- Tencent Holdings logged its first-ever revenue decline after its workforce shrank almost 5%
- Tencent is grappling with a downturn in the world’s No. 2 economy, the product of a property slump and ad-hoc coronavirus lockdowns from Shanghai to Shenzhen.
- The uncertainty is wreaking havoc on businesses from advertising to cloud computing and gaming.
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Tencent Holdings logged its first-ever revenue decline after its workforce shrank almost 5%, underscoring the extent to which China’s worsening economy is hurting its biggest corporations.
The country’s most valuable company recorded its first quarterly drop in staffing since 2014, as layoffs rippling through the global tech sector finally hit the WeChat operator. Revenue fell a deeper-than-projected 3% to 134 billion yuan (R326 billion) while net income also missed estimates, plunging 56% to 18.6 billion yuan in the June quarter.
Tencent is grappling with a deepening downturn in the world’s No. 2 economy, the product of a property slump and ad-hoc coronavirus lockdowns from Shanghai to Shenzhen. The uncertainty is wreaking havoc on businesses from advertising to cloud computing and gaming. Alibaba Group Holding Ltd. this month reported its first quarterly revenue drop on record, though the results were better than feared.
Even before the macroeconomic turbulence, China’s giant internet industry had resigned itself to a new era of sedate growth after a decade of free-wheeling expansion. Companies like Tencent are focusing on profitability over the market-grab of years past, after a sweeping government crackdown wiped more than $1 trillion off their combined market value in 2021.
There were some positive indicators. Online advertising revenue slid a record 18% in the quarter, but that was better than analysts feared. And adjusted net income of 28.1 billion yuan was about 15% above expectations. Shares in Prosus, one of Tencent’s biggest backers, slid more than 1% in Europe, and 1.3% on the JSE.
Beijing remains a headache for Tencent. Although regulators resumed approving games in April after a months-long hiatus intended to curb addiction, China’s premier developer has yet to win a nod for a single title this year.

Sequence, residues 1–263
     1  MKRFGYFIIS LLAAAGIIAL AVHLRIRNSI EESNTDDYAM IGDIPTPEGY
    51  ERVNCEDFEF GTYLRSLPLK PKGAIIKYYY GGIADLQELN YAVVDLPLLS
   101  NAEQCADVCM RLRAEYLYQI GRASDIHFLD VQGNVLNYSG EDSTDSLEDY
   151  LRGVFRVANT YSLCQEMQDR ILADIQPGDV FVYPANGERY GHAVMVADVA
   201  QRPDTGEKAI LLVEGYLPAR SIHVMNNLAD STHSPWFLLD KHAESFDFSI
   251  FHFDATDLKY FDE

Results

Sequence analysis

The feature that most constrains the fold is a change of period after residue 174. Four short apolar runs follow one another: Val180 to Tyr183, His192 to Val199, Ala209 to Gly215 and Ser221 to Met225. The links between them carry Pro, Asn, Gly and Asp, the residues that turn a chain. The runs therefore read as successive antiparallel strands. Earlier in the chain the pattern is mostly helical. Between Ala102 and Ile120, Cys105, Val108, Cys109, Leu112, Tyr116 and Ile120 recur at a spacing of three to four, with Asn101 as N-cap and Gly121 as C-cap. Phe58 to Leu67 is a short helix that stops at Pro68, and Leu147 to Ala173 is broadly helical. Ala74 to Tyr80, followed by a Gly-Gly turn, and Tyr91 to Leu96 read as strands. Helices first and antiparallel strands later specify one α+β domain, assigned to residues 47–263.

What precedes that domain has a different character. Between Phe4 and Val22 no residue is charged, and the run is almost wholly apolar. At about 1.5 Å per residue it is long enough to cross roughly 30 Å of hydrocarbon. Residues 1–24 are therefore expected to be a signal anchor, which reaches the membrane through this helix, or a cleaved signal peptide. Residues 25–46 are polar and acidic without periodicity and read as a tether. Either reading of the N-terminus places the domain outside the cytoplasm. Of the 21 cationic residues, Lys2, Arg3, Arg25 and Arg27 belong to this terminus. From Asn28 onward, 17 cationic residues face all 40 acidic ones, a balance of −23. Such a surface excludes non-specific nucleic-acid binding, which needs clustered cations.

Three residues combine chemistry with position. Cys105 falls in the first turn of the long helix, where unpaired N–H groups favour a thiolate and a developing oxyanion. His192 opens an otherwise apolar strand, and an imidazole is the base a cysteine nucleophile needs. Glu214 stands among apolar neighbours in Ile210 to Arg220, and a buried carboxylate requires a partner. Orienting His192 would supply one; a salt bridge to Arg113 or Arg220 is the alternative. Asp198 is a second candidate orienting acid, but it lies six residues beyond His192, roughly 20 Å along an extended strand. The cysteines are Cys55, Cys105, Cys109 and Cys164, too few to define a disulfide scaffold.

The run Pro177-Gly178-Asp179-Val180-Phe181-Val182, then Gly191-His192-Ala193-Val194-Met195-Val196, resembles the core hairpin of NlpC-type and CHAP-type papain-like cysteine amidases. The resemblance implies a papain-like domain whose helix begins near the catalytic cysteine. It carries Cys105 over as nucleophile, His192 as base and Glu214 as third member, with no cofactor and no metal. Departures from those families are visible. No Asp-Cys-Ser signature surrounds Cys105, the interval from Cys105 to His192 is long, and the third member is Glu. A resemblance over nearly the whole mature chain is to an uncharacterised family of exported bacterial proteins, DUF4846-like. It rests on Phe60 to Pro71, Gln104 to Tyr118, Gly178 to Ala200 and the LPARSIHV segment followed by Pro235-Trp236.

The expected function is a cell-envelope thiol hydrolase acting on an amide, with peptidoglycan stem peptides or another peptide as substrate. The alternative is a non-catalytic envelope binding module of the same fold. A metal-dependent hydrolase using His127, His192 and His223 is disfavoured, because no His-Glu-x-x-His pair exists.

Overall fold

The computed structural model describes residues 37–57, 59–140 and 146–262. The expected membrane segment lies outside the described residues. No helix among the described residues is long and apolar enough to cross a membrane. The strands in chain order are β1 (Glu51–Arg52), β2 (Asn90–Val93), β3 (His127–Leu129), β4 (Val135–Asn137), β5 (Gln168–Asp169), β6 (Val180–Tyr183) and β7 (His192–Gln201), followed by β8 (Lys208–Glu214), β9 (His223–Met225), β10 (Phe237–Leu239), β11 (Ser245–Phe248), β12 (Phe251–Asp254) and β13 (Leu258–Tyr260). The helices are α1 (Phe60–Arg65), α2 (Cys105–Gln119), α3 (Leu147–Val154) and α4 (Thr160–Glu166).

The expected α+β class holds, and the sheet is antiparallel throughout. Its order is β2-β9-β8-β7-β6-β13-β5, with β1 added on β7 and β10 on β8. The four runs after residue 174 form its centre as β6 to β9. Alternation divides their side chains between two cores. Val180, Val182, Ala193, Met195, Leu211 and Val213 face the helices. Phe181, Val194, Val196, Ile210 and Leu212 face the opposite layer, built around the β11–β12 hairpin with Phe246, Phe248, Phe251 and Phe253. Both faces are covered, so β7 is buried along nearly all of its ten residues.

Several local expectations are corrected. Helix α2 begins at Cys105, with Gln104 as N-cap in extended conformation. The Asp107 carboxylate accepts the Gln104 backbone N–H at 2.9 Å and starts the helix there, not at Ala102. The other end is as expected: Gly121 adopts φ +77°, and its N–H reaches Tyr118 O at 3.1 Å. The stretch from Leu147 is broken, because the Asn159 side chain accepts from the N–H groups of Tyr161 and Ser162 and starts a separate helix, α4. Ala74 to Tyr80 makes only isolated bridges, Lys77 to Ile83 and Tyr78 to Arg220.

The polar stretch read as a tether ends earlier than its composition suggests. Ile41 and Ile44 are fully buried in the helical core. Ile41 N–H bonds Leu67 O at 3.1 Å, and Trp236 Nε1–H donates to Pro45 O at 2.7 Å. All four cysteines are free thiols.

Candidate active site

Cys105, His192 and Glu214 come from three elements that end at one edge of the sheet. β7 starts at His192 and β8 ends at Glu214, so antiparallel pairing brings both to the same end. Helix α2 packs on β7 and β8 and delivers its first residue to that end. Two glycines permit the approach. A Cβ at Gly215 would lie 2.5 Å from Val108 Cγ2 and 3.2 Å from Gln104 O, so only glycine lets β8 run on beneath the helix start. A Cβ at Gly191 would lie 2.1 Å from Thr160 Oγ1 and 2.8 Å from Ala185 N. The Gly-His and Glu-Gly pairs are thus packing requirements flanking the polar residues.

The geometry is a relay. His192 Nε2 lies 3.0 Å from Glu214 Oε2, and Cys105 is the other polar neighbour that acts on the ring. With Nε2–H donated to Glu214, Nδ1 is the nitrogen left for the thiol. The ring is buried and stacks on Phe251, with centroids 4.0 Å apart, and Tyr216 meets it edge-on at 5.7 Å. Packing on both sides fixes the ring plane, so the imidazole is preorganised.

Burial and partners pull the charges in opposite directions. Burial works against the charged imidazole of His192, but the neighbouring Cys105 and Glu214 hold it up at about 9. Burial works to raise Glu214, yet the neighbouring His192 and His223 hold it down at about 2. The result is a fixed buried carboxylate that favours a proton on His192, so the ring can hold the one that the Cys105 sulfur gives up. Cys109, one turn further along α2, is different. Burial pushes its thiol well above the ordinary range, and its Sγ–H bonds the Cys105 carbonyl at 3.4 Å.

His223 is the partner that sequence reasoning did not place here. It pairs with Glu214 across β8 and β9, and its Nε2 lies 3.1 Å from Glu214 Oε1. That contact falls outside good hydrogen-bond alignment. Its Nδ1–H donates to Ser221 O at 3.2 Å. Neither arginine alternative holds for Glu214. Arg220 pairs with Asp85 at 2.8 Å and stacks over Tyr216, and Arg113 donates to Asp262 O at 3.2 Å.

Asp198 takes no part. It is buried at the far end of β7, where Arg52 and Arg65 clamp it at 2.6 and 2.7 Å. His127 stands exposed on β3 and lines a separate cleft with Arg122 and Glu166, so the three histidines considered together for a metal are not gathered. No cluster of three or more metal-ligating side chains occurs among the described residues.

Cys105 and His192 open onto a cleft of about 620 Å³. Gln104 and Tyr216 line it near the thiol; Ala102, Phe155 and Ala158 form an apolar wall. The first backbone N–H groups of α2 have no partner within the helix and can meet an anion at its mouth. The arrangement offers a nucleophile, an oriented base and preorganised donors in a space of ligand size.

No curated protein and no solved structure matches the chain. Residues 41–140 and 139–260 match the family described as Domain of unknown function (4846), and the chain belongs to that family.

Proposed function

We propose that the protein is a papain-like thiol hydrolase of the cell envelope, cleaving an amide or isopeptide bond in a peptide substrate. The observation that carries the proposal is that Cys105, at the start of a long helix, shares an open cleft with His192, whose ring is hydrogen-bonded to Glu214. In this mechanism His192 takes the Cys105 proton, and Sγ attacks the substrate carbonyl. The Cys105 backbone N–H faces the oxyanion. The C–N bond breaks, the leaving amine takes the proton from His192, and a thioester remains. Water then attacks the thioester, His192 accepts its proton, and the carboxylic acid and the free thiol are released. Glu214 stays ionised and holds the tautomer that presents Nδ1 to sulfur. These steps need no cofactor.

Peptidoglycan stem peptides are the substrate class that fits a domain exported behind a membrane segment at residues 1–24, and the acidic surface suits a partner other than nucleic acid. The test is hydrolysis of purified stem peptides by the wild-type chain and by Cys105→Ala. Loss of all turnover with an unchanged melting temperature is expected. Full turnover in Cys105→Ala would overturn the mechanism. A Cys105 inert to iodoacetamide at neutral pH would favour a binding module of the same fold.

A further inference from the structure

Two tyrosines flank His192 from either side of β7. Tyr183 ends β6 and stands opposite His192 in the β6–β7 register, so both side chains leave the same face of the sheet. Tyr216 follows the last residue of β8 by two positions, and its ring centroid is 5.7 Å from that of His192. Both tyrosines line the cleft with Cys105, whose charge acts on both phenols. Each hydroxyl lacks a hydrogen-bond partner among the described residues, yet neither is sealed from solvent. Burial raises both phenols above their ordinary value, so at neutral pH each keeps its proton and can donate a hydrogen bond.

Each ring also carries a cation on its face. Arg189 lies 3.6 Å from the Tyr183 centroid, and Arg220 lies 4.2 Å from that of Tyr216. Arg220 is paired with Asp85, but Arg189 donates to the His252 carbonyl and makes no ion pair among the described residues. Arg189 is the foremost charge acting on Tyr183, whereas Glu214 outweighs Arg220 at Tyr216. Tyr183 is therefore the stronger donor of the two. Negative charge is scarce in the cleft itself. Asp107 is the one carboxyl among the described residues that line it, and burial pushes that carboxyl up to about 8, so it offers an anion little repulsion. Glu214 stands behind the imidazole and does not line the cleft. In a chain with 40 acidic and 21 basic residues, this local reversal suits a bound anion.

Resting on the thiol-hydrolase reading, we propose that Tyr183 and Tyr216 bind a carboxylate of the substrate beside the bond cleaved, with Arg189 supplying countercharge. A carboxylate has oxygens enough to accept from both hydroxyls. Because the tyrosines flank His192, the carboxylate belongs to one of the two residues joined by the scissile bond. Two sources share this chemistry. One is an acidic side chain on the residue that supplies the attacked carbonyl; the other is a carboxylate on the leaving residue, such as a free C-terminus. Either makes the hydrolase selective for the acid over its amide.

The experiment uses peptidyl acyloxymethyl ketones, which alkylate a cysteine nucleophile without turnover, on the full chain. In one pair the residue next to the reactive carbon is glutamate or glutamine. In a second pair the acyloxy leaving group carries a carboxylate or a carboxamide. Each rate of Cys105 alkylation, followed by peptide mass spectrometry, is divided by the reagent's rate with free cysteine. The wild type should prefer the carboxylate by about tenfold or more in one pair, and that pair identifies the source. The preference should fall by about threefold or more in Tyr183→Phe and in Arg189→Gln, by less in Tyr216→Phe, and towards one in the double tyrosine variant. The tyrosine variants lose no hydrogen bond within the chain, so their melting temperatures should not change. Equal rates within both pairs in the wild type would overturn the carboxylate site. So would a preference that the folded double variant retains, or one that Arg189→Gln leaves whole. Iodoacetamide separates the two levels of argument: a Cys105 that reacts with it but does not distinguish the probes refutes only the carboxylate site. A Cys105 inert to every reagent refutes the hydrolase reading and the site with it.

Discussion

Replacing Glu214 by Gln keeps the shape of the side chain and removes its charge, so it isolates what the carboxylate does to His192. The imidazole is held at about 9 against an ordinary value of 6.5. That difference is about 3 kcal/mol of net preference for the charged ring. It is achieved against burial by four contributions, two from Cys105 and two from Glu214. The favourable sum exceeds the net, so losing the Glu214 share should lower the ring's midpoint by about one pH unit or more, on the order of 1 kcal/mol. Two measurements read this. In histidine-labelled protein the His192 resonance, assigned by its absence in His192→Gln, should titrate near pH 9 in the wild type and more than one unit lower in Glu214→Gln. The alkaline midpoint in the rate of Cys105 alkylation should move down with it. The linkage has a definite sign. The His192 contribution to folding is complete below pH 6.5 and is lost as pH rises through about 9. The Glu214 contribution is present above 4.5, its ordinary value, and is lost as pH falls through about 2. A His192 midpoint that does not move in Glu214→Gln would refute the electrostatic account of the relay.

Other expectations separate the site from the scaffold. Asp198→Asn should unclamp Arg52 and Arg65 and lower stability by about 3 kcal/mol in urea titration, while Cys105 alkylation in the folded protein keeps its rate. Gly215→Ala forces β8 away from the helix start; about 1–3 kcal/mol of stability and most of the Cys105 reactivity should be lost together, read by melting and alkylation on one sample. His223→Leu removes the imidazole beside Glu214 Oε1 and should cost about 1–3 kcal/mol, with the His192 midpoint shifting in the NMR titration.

For now, it’s counting on aging cash cows like Honor of Kings to spur its most lucrative business, while fighting newer hits like Genshin Impact and Diablo Immortal. The company, which once relied on a network of investments spanning hundreds of firms to create opportunities and new markets, has since last year signaled it will begin selling down stakes in major Chinese internet investee from e-commerce giant JD.com Inc. to Meituan.
Given the new realities, Tencent executives have said that international games, cloud software and WeChat video will be their major strategic priorities. The TikTok-style feed inside Tencent’s super-app is the company’s latest hope of countering ByteDance Ltd., which is increasingly luring away users and marketing dollars.
The fintech and business services segment -- which includes cloud computing -- is now Tencent’s fastest growth engine. But cloud revenue suffered a mild decline after the company cut loss-making contracts and ventured into services beyond infrastructure, executives said in May.
Just like Mark Zuckerberg’s Meta Platforms Inc., Tencent is staking its claim of a possible future of the virtual realm of the metaverse. The Chinese company has revamped its aging social app QQ with customizable 3D avatars and Unreal Engine graphics, and is hiring developers to make open-world titles. But such endeavors, along with a steady pace of investment in overseas game studios, could pressure margins before they come to fruition.